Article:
SOUTH HILLS COMMAND CENTER - Gerrit Cole threw 81 pitches in his debut Tuesday, sixty-five were fastballs.
Pirates manager Clint Hurdle was asked after the game if such a ratio – 80 percent fastballs – is a sustainable path to success.
Hurdle brushed off the question as if it was out of context. After all, Cole had left the game to a standing ovation, after a mostly dominant major league debut.
But the question is rooted in legitimate long-term concerns: most major league starting pitchers throw their fastballs between 50 and 65 percent of offerings. They have to mix in effective offspeed pitches to be effective. Cole isn’t there yet.
Cole came as advertised … but he has plenty of room to grow
Even Mets ace Matt Harvey, who has a monster fastball, throws it just 54 percent of the time. Stephen Strasburg has never thrown his fastball more than 64 percent of the time in a season, ditto for Justin Verlander.
And with Cole it wasn’t just a case of being nervous and trusting one pitch in his debut, Cole often leans heavily on his four-seam fastball, hence, his middling Triple-A strikeout ratio.
He loves pounding the zone with his fastball. He said as much after Tuesday’s start. Part of this is the organization stresses four-seam fastball command with its minor league pitchers, and Cole’s command has greatly improved: 2 walks over his last three starts. Part of it is Cole prizes efficiency over strikeout numbers. Cole needed just 81 pitches to get into the seventh inning.
It took Strasburg 53 career starts to reach the eighth inning. Cole will make it to the eighth in his first 10 starts, a fearless prediction.
Still, can any major league starter that’s not a knuckleballer or elite sinkerballer simply rely on one pitch 80 percent of the time for long?
You can if the pitch is good enough. Want evidence? Look no further than the NL Central.
St. Louis’ own prized right-handed fireballer, Shelby Miller, is throwing his fastball 74.2 percent of the time, among the highest rates in baseball.
Miller is 7-3 with 1.91 ERA.
Yes, Virginia, you can get by with one pitch … if it’s really good. And Cole’s fastball is really, really good.
Cole doesn’t quite have the elite extension or lanky limbs of Miller, but he has more velocity. 99 is 99.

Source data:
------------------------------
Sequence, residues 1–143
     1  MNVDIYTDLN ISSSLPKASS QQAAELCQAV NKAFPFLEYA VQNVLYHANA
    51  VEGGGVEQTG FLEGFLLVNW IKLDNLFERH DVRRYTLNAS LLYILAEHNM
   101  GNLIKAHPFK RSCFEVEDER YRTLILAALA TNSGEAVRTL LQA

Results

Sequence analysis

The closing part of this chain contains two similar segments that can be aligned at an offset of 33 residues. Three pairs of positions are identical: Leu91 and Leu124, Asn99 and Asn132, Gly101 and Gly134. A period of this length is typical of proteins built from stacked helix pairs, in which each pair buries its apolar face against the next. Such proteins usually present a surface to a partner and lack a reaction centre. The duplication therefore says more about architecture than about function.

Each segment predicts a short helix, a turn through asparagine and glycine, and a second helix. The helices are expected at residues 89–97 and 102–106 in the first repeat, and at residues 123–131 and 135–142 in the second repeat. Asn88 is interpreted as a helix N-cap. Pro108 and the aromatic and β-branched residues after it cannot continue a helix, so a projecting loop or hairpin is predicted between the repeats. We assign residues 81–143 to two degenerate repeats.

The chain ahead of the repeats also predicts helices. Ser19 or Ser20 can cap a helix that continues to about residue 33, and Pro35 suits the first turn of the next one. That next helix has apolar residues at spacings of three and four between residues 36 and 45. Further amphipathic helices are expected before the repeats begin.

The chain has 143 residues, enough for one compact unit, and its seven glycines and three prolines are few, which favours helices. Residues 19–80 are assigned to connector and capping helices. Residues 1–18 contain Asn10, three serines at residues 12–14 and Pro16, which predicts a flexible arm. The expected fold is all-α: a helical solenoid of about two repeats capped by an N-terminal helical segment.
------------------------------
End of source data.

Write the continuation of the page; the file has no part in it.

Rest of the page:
*Cole’s fastball averaged 96.1 mph last night according to Baseball Info Solutions.
*Strasburg and Harvey entered the night with the top average fastball velocities in the NL at 95.4 mph. (Justin Verlander averaged 95.4 mph with his fastball in 2010).
So if Cole can maintain that velocity, he might have the fastest fastball in baseball among starters. And I think he can maintain it.
On Wednesday I witnessed him hit 99 mph on his 88th pitch at Indy. On Tuesday his 81st pitch traveled at 81 mph. He threw 36 pitches that were 96 mph +.
And while the command wasn’t elite Tuesday, he was pounding the strike zone with the pitch, and on occasion painted the corners. His plane was good, as most of his fastballs were down in the zone. He produced 10 groundouts vs. six flyouts.
In short, combine rare velocity with average to slightly above-average command and you can get by throwing one pitch 80 percent of the time.
But the thing is Cole has other pitches, other good pitches.
His slider is a true swing-and-miss pitch. Russell Martin said Cole was actually throwing a curveball last night, so Cole might have temporarily shelved his slider. He only threw 16 breaking balls, but he did get Buster Posey to swing-and-miss.
Indianapolis pitching coach Tom Filer thinks Cole’s 86-90 mph changeup could be his best pitch if he can harness command of it. He thinks it could be a true strikeout pitch.
He has stuff similar to Strasburg’s but he does not enter the majors with the command Strasburg possessed.
Cole was very good Tuesday, but he is just scratching the surface of his pitching potential. When and if Cole begins to trust and command his very good but inconsistent offspeed pitchers, he become not only an efficient pitcher, but the best kind of efficient pitcher: an efficient strikeout pitcher.
It was an impressive opening act from a young pitcher with plenty of room to grow.